A group of hackers in China claim to have discovered a flaw with the Tesla Model S, which allowed them access to the electric cars internal computers.
The news emerged via a social media post from Quihoo 360 at the SyScan360 internet security conference in Beijing. As part of a competition, Zhejiang University students were offered $US10,000 to gain access to the electric cars computers.
Reportedly, the hackers were able to take control of the vehicle’s operating system letting them honk the horn, unlock the doors and flash the headlights, even whilst the Model S was moving.
Although, details of the hack have not been released, it is thought access may have been gained through Tesla’s smartphone app. The app connects to the car via Bluetooth and allows drivers to lock and unlock the doors, as well as flash the headlights, sound the horn and open the sunroof via their mobile device.
Tesla has responded to the news saying they promise to fix any “legitimate vulnerability”. They also expressed that they hope the research can be used constructively to provide a more secure future.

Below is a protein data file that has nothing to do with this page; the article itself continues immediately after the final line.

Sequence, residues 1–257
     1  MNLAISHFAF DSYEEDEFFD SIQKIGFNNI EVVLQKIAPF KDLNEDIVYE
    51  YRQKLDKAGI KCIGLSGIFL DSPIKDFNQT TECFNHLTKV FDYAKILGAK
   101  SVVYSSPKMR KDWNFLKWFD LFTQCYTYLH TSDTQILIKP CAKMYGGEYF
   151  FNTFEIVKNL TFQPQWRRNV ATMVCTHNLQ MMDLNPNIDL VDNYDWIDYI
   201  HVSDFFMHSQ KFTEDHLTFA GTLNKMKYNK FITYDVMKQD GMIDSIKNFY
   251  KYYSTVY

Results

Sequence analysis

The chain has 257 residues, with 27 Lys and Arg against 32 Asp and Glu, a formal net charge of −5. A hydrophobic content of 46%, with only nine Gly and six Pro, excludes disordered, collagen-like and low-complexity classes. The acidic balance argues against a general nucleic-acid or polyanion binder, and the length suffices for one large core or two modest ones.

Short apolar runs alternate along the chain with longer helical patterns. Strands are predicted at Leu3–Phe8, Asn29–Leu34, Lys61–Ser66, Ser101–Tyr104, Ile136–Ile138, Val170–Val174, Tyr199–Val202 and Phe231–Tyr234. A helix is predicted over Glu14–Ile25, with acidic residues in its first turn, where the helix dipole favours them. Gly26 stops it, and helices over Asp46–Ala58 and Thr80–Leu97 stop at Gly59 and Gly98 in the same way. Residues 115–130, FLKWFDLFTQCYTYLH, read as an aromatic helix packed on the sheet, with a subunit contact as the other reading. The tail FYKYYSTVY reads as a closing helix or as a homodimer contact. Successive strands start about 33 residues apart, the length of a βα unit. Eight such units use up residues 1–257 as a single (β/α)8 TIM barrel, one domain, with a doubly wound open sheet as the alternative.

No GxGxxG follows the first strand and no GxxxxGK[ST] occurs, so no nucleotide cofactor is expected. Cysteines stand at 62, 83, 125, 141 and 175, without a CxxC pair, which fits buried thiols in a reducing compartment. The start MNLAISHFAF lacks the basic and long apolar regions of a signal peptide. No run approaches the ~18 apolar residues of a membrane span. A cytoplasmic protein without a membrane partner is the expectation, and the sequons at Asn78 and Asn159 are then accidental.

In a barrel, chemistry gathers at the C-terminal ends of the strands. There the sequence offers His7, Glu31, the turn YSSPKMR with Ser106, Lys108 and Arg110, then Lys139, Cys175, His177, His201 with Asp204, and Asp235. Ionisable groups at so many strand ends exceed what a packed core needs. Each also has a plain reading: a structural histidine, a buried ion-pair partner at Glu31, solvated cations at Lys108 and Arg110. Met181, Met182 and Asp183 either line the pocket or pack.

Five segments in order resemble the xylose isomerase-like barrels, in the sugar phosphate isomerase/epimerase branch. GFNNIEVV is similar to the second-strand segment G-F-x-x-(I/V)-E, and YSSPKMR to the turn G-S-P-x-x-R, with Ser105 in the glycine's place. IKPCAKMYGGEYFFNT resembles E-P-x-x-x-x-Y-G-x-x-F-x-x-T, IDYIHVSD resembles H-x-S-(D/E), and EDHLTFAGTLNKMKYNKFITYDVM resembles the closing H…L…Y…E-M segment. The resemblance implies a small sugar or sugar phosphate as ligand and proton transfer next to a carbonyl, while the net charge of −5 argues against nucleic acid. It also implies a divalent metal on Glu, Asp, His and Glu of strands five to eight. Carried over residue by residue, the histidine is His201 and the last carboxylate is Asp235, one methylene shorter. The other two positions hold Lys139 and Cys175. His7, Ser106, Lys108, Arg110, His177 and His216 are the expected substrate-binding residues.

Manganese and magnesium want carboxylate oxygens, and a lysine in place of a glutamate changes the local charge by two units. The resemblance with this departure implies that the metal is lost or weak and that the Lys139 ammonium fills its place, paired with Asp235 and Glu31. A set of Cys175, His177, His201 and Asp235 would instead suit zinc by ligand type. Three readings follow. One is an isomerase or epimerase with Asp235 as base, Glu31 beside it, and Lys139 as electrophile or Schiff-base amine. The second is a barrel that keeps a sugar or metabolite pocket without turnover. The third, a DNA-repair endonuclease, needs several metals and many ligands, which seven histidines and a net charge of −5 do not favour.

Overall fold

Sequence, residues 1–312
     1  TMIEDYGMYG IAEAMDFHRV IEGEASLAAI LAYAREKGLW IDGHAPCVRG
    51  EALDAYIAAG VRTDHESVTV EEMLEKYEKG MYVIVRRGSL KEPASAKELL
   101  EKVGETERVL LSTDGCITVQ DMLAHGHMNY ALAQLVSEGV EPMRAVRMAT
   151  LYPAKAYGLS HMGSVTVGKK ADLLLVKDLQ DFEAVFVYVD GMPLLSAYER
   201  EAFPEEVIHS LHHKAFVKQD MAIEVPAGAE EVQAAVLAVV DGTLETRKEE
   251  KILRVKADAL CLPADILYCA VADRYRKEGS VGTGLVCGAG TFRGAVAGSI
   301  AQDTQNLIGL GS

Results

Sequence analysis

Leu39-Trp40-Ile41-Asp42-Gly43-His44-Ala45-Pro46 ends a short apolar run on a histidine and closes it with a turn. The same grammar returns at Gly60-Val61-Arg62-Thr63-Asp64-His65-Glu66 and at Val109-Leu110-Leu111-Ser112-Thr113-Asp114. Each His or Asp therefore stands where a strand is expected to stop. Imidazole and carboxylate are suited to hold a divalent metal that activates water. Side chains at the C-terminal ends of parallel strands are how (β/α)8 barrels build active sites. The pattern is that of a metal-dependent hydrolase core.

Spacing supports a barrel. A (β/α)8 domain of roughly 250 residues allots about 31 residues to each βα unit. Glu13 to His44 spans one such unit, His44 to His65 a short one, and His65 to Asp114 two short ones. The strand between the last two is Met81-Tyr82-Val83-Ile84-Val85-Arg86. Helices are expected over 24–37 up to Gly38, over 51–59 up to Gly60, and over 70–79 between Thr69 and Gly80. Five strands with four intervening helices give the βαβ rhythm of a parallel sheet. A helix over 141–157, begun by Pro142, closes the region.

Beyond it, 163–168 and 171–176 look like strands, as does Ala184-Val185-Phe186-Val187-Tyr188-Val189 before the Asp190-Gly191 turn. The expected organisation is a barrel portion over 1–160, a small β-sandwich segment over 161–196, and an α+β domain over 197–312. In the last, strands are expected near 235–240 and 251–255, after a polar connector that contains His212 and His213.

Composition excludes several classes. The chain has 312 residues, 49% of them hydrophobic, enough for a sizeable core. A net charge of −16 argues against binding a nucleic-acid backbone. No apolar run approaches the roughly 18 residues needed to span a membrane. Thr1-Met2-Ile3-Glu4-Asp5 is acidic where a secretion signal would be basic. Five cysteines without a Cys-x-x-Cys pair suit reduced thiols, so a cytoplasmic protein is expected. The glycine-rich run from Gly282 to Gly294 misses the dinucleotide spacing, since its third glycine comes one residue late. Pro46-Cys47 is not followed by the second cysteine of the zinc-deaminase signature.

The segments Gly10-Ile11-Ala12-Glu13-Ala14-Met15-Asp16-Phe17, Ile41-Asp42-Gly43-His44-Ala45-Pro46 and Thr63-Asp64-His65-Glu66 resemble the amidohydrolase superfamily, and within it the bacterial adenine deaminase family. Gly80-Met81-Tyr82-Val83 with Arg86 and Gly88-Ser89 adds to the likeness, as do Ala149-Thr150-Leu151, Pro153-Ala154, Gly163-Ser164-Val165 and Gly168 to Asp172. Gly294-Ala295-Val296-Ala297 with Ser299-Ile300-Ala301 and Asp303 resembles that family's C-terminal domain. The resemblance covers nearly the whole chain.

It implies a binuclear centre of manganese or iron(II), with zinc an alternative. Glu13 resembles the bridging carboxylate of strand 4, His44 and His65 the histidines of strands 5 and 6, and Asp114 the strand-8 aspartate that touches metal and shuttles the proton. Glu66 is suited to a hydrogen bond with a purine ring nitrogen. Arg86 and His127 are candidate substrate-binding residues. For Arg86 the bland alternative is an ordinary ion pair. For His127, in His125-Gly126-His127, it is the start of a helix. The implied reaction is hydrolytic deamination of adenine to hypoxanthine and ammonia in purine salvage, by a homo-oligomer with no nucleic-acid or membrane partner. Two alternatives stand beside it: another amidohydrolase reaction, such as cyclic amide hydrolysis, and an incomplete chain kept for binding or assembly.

A Tesla spokesperson told the Chicago Tribune: “While Tesla is not associated with the conference and is not a sponsor of the competition, we support the idea of providing an environment in which responsible security researchers can help identify potential vulnerabilities. We hope that the security researchers will act responsibly and in good faith.”
With vehicles becoming more and more connected, security is undoubtedly a concern. With the recent release of Google’s Android Auto and Apple’s CarPlay the automotive world is likely to become ‘fully connected’ in the near future. However, this process must not be rushed if drivers are to be at the mercy of hackers.
Telegraph, The Register